Ex. This article discusses the impact of growing number of students and waning financial resources on library services and acquisition focusing on book shortages, security problems and inadequacy of staffing.
    Ex. The public library is a complex institution, evolving through many decades of human history and colliding today with the perplexing realities of change, declining funding, and shifting purpose.
    Ex. As well as cuts imposed by the Government, libraries were faced with inflation in the price of books and periodicals, and a falling rate of exchange between the pound and the dollar.
    Ex. Many challenges lie ahead for those selling children's books with increased competition and shrinking profit margins.
    Ex. Poland is currently enjoying a steadily rising national income, declining inflation, receding unemployment and an educational boom.
    Ex. It has not yet been decided what strategies libraries will use to face the crisis of rising personnel costs and sinking funds for book acquisitions.
    Ex. Every publisher, materials vendor, systems vendor and bibliographic utility that serve libraries face sharp competition for a share of the ebbing library market.
    Ex. The second reason is that companies have to take care of costs to meet the descending price rate of the market.
    * * *
    (adj.) = decreasing, dwindling, diminishing, thinning, fading, waning, declining, falling, shrinking, receding, sinking, ebbing, descending

    Ex: It is impossible to read the library press today without reading about the increasing costs of maintaining, and the decreasing budgets of libraries, and particularly about the increasing costs of technical services.

    Ex: Squeezed between the upper and nether milestones of increasing demand and dwindling resources, individual librarians develop ways in which to make their jobs easier.
    Ex: It is remarkable how, in an economy with diminishing job opportunities, librarians compensate for their inability to demonstrate the value of their skills by seeking the protection of educational and certification requirements.
    Ex: News of boundless timber reserves spread, and before long lumberjacks from the thinning hardwood forests of New England swarmed into the uncharted area with no other possessions than their axes and brawn and the clothing they wore.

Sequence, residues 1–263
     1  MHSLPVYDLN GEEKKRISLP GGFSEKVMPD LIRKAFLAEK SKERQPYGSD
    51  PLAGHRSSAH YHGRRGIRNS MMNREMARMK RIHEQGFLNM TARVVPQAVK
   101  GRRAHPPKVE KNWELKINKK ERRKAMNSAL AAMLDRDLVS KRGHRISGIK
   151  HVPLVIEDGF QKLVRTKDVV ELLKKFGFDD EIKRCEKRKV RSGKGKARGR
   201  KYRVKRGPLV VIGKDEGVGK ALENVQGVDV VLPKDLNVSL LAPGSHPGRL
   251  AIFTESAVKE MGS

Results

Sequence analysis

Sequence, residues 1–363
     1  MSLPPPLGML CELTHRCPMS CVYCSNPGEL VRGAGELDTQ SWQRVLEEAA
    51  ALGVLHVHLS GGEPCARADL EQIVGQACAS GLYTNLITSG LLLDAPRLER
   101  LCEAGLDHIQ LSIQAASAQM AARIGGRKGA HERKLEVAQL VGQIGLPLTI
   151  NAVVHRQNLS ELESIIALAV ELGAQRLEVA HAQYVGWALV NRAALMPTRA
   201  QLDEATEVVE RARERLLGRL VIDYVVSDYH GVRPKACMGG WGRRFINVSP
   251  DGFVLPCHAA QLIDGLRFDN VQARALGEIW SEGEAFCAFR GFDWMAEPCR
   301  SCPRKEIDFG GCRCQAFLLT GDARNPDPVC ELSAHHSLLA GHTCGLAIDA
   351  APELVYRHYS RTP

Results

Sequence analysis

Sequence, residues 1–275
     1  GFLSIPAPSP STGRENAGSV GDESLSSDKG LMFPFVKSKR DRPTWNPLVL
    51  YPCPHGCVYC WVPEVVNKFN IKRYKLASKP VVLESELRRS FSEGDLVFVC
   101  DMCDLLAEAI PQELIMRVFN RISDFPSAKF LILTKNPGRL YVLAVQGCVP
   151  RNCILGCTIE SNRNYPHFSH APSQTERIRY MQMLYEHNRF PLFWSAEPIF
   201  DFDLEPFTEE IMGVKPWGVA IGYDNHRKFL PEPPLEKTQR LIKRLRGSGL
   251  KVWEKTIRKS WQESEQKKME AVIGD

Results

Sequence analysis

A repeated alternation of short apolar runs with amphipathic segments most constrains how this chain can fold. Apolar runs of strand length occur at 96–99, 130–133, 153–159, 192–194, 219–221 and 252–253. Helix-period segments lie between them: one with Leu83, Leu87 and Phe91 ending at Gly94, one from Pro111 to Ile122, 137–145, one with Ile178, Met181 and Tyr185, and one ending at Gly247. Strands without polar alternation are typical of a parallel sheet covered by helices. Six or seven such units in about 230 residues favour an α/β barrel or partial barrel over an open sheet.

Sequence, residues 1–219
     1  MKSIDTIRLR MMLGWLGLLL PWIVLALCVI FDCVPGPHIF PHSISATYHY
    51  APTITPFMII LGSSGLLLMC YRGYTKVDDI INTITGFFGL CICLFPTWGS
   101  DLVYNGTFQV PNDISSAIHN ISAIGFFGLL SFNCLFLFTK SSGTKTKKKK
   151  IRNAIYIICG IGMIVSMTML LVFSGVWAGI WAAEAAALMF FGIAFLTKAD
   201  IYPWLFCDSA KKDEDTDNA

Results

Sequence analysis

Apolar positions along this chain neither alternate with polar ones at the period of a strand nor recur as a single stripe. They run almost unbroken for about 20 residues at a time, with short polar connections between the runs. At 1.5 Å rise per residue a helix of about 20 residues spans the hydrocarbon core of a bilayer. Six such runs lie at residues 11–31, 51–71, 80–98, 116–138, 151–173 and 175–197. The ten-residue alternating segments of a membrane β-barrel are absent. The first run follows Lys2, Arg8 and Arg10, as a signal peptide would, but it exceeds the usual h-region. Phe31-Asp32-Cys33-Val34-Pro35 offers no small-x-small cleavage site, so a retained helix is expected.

Ex: With the fading significance of these physical forms, some of the rationale for unit entries has disappeared.
    Ex: This article discusses the impact of growing number of students and waning financial resources on library services and acquisition focusing on book shortages, security problems and inadequacy of staffing.
    Ex: The public library is a complex institution, evolving through many decades of human history and colliding today with the perplexing realities of change, declining funding, and shifting purpose.
    Ex: As well as cuts imposed by the Government, libraries were faced with inflation in the price of books and periodicals, and a falling rate of exchange between the pound and the dollar.
    Ex: Many challenges lie ahead for those selling children's books with increased competition and shrinking profit margins.
    Ex: Poland is currently enjoying a steadily rising national income, declining inflation, receding unemployment and an educational boom.
    Ex: It has not yet been decided what strategies libraries will use to face the crisis of rising personnel costs and sinking funds for book acquisitions.
    Ex: Every publisher, materials vendor, systems vendor and bibliographic utility that serve libraries face sharp competition for a share of the ebbing library market.
    Ex: The second reason is that companies have to take care of costs to meet the descending price rate of the market.

    Spanish-English dictionary > cada vez menor

  • 298 cada vez mucho mayor

    = fast-increasing, exploding
    Ex. The impermanence of magnetic media has led to a concern in the library and information community with the fate of the fast-increasing amount of information which is electronically published.
    Ex. Senior management must be willing to commit funds and manpower to ensure security doesn't fall behind the exploding use of computers in government.
    * * *
    = fast-increasing, exploding

    Ex: The impermanence of magnetic media has led to a concern in the library and information community with the fate of the fast-increasing amount of information which is electronically published.

    Ex: Senior management must be willing to commit funds and manpower to ensure security doesn't fall behind the exploding use of computers in government.

    Spanish-English dictionary > cada vez mucho mayor

  • 299 cada vez más + Adjetivo

    = ever + Adjetivo Comparativo
    Ex. As time passes by, our collections grow ever larger and the problems of storage and retrieval become ever more pressing.
    * * *
    = ever + Adjetivo Comparativo

    Ex: As time passes by, our collections grow ever larger and the problems of storage and retrieval become ever more pressing.

    Spanish-English dictionary > cada vez más + Adjetivo

  • 300 cada vez más + Participio

    (n.) = ever + Gerundio
    Ex. For all national libraries a major factor is technological change in communication proceeding at an ever accelerating rating which has brought them to the current juncture.
    * * *
    (n.) = ever + Gerundio

    Ex: For all national libraries a major factor is technological change in communication proceeding at an ever accelerating rating which has brought them to the current juncture.

    Spanish-English dictionary > cada vez más + Participio